x
Breaking News
More () »

A look at Jasmine Bakery, the place where Aladdin's Eatery's pita bread is made | Doug Trattner reports

The pitas are sold not just to Aladdin's, Taza and Boaz restaurants, but also Middle Eastern markets throughout the region.

CLEVELAND — When Fady Chamoun opened the first Aladdin's Eatery in 1994, he and his family had to make frequent trips to Detroit or Canada to procure the ingredients that went into making the Middle Eastern food on the menu.

As the business grew from one store to three, Chamoun decided to stop relying on others for staples like Lebanese olive oil, tahini, garbanzo beans and fresh pita by building his own bakery and commissary. Since then, Aladdin's has expanded to more than 30 locations in four states, joined along the way by additional Taza and Boaz restaurants.

To better support those stores, the family built out a larger bakery and commissary inside a 50,000-square-foot warehouse on the Lakewood-Cleveland border. At the heart of the operation is a fully automated production line that transforms sticky dough into fresh-baked pitas.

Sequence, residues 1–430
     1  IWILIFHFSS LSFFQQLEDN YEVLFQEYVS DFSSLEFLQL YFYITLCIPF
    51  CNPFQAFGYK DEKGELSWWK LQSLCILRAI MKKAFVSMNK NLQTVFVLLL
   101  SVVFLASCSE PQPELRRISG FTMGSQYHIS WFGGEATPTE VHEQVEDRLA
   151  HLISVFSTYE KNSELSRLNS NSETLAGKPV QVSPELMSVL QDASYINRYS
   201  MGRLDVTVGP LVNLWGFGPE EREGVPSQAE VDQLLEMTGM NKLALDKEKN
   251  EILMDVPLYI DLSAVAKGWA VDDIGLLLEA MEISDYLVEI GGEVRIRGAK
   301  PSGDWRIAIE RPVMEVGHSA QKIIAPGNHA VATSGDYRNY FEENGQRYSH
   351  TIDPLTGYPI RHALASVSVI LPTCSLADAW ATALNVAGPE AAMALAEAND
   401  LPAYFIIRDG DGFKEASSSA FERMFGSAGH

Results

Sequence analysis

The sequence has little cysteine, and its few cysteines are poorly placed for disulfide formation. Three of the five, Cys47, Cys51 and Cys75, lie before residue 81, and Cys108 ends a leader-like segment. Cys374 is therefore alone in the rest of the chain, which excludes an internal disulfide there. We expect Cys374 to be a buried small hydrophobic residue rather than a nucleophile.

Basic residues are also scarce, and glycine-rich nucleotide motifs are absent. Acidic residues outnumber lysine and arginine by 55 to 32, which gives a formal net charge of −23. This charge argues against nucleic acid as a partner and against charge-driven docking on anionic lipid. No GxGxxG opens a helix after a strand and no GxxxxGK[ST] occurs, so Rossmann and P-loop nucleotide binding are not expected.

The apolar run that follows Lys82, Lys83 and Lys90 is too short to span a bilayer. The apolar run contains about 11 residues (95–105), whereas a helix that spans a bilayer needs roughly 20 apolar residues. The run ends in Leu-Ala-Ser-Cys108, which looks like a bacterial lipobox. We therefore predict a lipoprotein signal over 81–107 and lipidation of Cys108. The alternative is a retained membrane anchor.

Inside the warm, moist, cavernous space, dough is shaped, proofed, pressed, baked, cooled and packaged at a rate of 10,000 to 15,000 pita per day. The pitas are sold under the Jasmine Bakery name, making their way not just to Aladdin's, Taza and Boaz restaurants, but also Middle Eastern markets throughout the region.

While most menu items are made from scratch at every restaurant, some time-intensive staples are made at the commissary and shipped to stores. Those items include the kibbe, hot sauce and stuffed grape leaves, which are rolled by hand with exacting precision.

The large warehouse also serves as home base for the Terranean brand of Middle Eastern products. Items like za’atar spreads and spice mixtures can be ordered online or purchased from the onsite retail shop that also stocks a wide variety of Mediterranean ingredients.

Of course, this is also the place to purchase some of the freshest pita in town.